What we need to do now is to create a pure white background.  I do this with a tool in Paint Shop Pro called the “Magic Wand” but I’ve also seen to called “Select Similar”.  You configure the tool to select based on matching color (or RGB) and you specify a “tolerance” or “threshold” of, say, 20%.  Then click on the background.  This will select all the pixels that match the color of where you clicked PLUS those that are within 20% of that color.  You should now have a selection of almost all of the background.

    With that area still highlighted, look for any background pixels that may not have been included.  You can add additional areas to that background select by holding SHIFT down and selecting more pixels with you Select Similar.  Each additional selection you add while holding SHIFT gets merged in with the one that is active.  Assuming you still have White as your background color you should be able to hit Delete and it should clear your selected areas leaving just that pure white.  Alternatively, you can flood-fill white into the selection.

    But your not done yet!  What you will find is that the border between your nice new background and the unit contains some pixels that are half-way between in color.  That blurred effect is is called anti-aliasing.  The problem is that those areas where the unit color blends with white can make that 1 pixel border we will create later look like 2, 3 or 4 pixels in some spots.

    Very carefully, with the background still selected, use your select similar tools and include in some of the anti-aliased pixles on a units edge.  You are going to see a range of blurred pixels.  Some that are almost white and some that are mostly colored.  Just take the ones that are mostly white.  Undo is your freind if you select too much.  After including all of the border pixels that need to get removed, hit Delete or flood-fill the selection as you did before.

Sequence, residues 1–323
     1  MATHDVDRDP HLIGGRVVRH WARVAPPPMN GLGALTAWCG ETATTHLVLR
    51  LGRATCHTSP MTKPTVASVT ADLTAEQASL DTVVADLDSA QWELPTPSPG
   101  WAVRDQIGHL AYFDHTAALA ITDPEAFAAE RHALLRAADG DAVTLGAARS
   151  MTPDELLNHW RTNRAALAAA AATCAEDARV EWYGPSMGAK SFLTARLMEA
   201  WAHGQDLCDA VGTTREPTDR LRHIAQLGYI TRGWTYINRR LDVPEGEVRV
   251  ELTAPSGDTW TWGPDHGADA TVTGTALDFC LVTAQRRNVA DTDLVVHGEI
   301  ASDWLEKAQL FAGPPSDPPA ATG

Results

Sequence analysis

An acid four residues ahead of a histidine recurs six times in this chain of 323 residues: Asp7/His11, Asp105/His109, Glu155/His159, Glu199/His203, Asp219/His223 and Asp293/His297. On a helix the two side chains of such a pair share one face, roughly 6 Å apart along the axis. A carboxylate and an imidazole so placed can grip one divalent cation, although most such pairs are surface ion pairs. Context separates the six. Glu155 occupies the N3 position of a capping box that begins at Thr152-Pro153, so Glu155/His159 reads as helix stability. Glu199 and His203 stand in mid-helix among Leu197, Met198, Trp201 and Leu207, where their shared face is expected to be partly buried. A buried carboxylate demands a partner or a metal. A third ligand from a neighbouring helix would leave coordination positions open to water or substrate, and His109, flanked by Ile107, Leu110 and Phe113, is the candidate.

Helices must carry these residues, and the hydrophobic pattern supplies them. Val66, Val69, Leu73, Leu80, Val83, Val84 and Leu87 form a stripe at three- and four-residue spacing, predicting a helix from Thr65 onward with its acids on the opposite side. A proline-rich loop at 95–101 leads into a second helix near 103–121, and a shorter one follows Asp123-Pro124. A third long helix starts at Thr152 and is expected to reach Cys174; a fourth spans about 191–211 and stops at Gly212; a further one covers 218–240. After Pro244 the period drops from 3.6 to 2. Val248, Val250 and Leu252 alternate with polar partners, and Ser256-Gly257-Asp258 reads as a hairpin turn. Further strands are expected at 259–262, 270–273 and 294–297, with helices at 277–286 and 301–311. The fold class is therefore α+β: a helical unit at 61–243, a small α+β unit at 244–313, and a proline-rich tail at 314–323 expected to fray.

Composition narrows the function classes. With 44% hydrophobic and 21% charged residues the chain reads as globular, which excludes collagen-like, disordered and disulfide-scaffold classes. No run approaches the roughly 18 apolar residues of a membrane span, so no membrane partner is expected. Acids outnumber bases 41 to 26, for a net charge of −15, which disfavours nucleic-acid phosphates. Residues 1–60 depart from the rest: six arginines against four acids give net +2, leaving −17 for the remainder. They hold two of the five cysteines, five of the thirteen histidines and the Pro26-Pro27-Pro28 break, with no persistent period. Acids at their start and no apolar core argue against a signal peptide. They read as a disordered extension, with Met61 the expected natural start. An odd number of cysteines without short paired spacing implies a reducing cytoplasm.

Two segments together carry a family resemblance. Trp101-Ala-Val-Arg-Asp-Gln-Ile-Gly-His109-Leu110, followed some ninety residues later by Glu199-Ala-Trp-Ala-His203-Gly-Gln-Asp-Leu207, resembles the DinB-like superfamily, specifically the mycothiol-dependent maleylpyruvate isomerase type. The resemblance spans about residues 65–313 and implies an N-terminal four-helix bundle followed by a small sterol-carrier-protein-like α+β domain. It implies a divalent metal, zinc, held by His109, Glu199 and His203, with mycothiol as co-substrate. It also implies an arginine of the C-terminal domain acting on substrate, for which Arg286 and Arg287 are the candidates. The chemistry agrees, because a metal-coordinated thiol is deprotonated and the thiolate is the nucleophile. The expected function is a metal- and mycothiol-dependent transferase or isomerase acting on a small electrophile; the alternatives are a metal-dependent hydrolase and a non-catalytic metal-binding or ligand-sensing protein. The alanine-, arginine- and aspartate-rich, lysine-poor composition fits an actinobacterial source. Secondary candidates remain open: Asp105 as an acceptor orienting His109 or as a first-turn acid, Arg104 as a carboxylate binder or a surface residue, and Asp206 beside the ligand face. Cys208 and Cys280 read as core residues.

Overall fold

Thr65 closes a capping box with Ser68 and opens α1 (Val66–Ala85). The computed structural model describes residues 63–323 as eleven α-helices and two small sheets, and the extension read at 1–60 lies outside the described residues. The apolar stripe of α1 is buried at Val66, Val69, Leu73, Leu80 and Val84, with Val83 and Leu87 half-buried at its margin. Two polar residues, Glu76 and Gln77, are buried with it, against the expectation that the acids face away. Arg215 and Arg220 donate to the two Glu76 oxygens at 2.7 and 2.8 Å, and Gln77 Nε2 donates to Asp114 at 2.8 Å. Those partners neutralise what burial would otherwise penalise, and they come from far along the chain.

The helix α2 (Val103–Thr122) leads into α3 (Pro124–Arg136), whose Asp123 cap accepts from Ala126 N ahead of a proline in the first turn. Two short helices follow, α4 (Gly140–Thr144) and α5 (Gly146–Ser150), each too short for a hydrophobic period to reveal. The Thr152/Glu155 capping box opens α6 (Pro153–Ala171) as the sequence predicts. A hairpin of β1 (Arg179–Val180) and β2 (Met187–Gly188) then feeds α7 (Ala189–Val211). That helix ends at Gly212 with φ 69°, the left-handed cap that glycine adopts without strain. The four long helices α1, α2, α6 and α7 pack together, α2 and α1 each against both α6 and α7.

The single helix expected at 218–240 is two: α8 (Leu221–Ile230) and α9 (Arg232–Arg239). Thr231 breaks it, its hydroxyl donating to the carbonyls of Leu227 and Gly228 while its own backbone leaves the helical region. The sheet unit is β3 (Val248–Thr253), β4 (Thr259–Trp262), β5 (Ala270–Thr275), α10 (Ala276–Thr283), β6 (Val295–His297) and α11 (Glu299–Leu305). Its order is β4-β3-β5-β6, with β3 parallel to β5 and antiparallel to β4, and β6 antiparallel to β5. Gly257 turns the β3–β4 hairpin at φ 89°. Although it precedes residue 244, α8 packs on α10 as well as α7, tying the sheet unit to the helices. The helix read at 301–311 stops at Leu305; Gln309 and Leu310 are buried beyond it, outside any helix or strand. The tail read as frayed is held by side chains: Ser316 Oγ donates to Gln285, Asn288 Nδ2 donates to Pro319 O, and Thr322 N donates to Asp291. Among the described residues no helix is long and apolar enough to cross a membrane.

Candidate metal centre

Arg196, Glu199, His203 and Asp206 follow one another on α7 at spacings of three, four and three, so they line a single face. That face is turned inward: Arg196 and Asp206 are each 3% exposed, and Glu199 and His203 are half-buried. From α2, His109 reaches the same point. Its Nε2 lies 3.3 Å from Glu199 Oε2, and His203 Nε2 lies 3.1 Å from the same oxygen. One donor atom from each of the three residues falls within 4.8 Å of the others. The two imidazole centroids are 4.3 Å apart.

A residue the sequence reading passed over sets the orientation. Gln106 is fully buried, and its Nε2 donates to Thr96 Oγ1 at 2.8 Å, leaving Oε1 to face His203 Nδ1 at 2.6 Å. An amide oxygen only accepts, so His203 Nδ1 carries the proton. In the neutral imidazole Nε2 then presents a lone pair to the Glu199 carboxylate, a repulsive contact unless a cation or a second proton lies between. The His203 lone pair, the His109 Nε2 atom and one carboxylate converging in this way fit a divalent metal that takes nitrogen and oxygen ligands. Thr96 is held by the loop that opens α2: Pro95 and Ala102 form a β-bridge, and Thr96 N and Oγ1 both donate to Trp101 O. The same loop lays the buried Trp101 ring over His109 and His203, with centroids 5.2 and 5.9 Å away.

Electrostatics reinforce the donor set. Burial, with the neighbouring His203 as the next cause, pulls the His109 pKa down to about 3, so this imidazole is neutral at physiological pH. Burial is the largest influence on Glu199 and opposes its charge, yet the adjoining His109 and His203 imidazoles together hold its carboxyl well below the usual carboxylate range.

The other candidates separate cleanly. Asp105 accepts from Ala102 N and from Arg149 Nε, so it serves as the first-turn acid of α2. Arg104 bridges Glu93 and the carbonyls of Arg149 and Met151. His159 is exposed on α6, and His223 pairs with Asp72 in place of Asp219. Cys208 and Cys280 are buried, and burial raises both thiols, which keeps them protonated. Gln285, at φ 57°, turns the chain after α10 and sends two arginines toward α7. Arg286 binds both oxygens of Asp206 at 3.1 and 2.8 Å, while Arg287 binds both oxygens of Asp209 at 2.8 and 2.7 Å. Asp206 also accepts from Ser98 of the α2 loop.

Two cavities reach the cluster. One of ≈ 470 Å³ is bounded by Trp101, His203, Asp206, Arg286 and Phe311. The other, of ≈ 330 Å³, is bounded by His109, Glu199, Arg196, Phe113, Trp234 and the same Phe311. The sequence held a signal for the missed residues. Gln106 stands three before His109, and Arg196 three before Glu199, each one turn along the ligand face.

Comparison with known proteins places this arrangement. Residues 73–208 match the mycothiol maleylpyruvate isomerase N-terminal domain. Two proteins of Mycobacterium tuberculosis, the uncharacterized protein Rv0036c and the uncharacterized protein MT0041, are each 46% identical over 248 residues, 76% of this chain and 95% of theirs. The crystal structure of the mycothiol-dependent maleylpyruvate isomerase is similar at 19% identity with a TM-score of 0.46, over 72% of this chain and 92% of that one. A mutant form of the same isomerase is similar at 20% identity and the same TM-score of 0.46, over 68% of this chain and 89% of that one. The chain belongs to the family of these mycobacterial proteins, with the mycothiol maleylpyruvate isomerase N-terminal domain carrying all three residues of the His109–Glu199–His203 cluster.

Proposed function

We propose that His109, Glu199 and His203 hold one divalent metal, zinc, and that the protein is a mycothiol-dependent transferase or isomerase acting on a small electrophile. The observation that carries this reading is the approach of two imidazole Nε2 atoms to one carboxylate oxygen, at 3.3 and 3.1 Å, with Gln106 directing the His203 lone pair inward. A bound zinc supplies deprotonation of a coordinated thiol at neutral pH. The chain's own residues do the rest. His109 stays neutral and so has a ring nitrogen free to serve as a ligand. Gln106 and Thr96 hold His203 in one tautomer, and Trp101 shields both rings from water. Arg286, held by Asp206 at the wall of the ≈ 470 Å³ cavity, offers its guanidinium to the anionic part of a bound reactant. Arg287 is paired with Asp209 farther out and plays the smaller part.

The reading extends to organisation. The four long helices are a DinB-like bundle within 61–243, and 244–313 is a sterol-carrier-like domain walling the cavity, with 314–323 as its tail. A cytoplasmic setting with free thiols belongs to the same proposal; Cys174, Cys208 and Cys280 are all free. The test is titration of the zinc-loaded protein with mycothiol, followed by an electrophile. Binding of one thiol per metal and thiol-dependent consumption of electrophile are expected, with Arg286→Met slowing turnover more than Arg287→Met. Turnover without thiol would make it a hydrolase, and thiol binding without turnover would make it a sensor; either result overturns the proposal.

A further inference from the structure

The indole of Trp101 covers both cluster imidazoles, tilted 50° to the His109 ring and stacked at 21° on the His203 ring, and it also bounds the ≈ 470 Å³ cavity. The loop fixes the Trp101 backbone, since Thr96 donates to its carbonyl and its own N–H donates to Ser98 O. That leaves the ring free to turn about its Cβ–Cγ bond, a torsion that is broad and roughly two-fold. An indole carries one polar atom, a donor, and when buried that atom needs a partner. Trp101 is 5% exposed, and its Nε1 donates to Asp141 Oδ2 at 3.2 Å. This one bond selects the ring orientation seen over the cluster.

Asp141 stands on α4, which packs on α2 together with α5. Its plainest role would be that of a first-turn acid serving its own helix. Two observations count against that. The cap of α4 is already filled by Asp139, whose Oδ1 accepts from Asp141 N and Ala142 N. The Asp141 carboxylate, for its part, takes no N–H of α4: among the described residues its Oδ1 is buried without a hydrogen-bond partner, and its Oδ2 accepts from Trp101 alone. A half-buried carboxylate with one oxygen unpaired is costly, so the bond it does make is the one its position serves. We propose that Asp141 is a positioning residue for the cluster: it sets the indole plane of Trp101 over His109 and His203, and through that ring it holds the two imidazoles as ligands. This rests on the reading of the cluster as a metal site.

• Step 5.  Adjust contrast and/or colors (optional)


  • Step 6.  Create the outline

    This step requires that the background (white) area be selected.  If it is not, use the select similar to do so again.

    Now, Invert the selection.  There will be an menu option to do so.  This will select all of the pxiels in the unit.

    Next, “Grow the Selection”.  In PSP this is done via the “Modify Selection” menu.  Whatever the name, you are looking to enlarge the selection by 1 pixel.  The selection should now look like it includes a little bit of the background.  That little extra will be your 1-pixel white border!

    Finally, invert the selection again (so you once again have the background selected) and flood-fill with our Mask color.  This is the color that MapView will make transparent.  You should now have a unit with a nice white border and a pale-yellow background.

    This is the color code for the Mask in HTML format:  FFFFC0
    In RGB format its R=255, G=255, Blue=192

  • Step 7.  Determine Click Region

    Because all of the images used by MapView must be the same size (80 x 60 is what the A&A Mins modules use), the program supports the concept of a “click-region”.  This is a setting associated with each unit that allows for a subset of the image to be designated as the part you can interact with (right click, drag-drop, etc).  This region is a rectangle measured in pixels in the format of left, top, width, height.

    The last step is to figure out what the click-region should be.  The easiest way is to use the standard rectangle selection tool and select a subset of the image that is mostly filled with the unit.  Most image editing software show these coordinates down in the status bar at the bottom as you drap your selection triangle.

    This is often more of an art-form than a science since our units are rarely square.  Try not to include too much background area in your click region, or it can get hard to select overlapping units.

    A sample is included.

    This is one of the most time-consuming steps if you have to go back and do it later, so I suggest doing this while you still have the unit in your image editor.  Just create a text file and save the the click region coordinates for each unit as you go.